In step 3, the first action will be to define what the subject of a new event in a calendar will be. For this example, I’ve used dynamic content from Work Order Number. The subject should remain unchanged so that the Flow works as intended so make sure you don’t include an action that changes the subject. Next, we’ll get a user’s calendar with the HTTP – Get Calendars action. We can then parse the JSON and filter the results with a Filter array action. We want to see if Name equals the value set in the Compose – Default Calendar name action. In this example the value is Calendar. The JSON schema is included in the zip file that contains this Flow.

Image 3. Flow’s 3rd step.

Step 4

After the Filter array action, we have our hands on the specific calendar we’re interested in. Calendar ID is needed so that we can get, post, patch and delete events so a Compose action is used after the Filter array. This automatically creates an Apply to each loop. Next we’ll use an HTTP action to get all events with a subject that matches what we composed for subject earlier. We should only have a single event in Exchange that matches, however if there are duplicates for some reason, the Flow will still update all events where the subject matches. Next we’ll use parse JSON for the previous HTTP action’s content. The schema is included in the zip file that contains this Flow.

The Compose actions for Start Time and End Time are legacy from the Flow that updates calendar events in Exchange based on PSA’s Resource Assignments. I’ve left them in this Flow as you may have use cases where manipulating Start and End Time is needed. The outputs of the Compose actions are referenced in the Compose – Event body for updated event on true side action. If you remove the Start/End Time Compose actions from the Flow, remember to also edit the Compose action for the event body. The body of the calendar event is a convenient place to indicate the status of the BRB.

Image 4. Flow’s 4th step.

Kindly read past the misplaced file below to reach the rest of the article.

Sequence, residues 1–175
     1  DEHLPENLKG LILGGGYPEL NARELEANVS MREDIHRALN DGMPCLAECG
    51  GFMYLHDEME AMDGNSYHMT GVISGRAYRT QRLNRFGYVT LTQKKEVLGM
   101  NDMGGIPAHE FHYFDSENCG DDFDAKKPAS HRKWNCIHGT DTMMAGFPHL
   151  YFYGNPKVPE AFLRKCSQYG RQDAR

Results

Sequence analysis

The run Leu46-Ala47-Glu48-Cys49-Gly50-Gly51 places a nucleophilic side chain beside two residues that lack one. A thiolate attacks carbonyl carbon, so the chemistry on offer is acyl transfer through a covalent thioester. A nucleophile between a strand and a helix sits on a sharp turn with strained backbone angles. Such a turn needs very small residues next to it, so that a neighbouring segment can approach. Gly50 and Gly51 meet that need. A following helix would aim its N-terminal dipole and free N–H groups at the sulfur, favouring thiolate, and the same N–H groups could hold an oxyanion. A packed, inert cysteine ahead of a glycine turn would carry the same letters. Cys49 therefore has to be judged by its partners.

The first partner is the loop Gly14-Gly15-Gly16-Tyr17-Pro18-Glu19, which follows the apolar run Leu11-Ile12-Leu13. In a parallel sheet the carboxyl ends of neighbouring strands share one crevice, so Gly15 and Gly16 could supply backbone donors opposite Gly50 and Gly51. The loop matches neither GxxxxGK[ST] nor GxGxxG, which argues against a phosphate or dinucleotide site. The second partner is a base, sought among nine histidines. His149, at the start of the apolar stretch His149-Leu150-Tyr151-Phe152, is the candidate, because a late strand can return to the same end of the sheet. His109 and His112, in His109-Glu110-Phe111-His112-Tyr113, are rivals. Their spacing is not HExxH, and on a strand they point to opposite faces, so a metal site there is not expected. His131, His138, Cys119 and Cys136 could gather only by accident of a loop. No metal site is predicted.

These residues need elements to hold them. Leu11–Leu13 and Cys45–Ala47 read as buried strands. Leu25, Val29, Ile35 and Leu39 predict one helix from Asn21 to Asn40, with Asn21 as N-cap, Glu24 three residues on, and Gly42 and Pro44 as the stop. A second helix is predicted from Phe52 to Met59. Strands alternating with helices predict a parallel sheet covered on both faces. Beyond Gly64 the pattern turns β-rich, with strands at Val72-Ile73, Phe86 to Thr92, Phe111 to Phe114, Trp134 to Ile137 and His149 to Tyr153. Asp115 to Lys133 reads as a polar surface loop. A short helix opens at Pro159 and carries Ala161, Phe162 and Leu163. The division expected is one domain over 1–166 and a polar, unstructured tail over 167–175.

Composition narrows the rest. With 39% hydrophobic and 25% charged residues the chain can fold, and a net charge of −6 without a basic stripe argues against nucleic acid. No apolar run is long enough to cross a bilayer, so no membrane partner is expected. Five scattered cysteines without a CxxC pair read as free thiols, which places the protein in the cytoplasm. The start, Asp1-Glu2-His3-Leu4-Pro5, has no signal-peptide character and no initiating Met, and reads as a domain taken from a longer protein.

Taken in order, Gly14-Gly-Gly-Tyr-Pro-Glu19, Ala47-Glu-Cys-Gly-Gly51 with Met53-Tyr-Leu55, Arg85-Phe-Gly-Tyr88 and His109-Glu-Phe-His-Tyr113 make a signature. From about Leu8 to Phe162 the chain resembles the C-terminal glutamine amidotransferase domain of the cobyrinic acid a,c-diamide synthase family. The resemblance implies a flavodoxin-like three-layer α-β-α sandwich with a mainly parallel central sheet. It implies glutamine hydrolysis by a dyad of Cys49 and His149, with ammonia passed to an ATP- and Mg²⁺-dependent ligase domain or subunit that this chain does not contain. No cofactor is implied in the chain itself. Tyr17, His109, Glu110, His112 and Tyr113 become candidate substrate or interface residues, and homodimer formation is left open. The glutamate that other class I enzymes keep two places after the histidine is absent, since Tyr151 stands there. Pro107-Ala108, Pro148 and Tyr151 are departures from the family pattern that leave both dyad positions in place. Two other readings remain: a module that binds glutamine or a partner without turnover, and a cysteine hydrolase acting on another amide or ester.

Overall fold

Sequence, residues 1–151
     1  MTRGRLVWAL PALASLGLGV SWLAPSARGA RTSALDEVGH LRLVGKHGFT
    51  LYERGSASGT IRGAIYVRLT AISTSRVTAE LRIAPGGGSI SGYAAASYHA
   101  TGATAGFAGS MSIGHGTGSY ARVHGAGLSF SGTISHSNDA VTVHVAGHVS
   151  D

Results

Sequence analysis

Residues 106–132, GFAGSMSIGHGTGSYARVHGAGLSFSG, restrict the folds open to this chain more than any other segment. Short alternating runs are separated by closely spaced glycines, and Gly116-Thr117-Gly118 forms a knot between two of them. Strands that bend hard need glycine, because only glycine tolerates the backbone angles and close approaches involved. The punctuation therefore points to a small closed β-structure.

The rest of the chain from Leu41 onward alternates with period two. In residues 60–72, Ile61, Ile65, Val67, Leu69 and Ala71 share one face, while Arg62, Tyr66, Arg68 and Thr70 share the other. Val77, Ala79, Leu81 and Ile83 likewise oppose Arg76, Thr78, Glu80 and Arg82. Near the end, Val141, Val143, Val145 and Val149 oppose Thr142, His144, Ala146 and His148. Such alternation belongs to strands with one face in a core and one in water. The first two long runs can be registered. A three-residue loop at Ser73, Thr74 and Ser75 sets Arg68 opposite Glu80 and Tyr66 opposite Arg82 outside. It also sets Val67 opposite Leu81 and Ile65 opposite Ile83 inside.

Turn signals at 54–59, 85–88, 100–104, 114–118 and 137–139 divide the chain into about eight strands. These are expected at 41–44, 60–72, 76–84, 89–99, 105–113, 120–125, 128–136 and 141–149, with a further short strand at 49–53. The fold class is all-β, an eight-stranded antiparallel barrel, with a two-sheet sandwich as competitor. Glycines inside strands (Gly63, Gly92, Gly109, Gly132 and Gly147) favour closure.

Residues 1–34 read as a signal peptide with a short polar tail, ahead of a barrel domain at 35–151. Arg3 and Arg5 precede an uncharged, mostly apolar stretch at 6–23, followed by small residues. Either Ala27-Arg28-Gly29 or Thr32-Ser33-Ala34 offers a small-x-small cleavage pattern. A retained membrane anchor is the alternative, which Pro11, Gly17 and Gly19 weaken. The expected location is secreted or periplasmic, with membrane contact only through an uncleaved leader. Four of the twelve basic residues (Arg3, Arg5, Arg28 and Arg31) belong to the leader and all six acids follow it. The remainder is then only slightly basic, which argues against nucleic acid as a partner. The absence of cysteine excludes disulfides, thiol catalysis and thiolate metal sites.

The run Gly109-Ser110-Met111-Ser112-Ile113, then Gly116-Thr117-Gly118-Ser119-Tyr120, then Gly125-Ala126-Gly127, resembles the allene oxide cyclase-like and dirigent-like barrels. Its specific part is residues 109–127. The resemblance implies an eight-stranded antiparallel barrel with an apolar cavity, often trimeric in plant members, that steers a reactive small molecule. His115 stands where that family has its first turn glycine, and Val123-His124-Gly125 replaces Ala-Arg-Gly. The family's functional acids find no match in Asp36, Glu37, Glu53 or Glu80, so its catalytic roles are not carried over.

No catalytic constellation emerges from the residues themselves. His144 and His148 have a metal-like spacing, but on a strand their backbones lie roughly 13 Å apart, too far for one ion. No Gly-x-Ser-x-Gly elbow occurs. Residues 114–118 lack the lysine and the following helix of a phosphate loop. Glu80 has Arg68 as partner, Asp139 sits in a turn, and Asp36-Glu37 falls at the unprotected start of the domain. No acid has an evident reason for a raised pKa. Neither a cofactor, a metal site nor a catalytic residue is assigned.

Step 5

In the final 5th step, a calendar event is either created or an existing calendar event is updated or deleted. The first condition checks if Parse JSON – Get events returns a subject that equals the subject we defined in the Compose subject for Exchange calendar event action. If a match is found, an existing calendar event is updated or deleted. Before this is possible, an event ID needs to be composed. We will get our hands on the ID from the previous step’s Parse JSON – Get Events action. The second conditions checks the Field Service Status of the BRB. If the status is Canceled, a calendar event in Exchange is deleted. If the status is anything else, a calendar event is updated.

If a match for the subject is not found, a new event will be created in a user’s calendar. For both the true and false side, the body of the HTTP PATCH/POST is based on the Compose – Event body action.

Image 5. Flow’s 5th step.

I hope this blog post helps you in creating calendar events in Exchange based on Bookable Resource Bookings. If you want to try this Flow out, you can download both a managed and an unmanaged solution from the TDG Power Platform Bank here.

Image 6. The Flow’s actions expanded.
Disclaimer:
All my blog posts reflect my personal opinions and findings unless otherwise stated.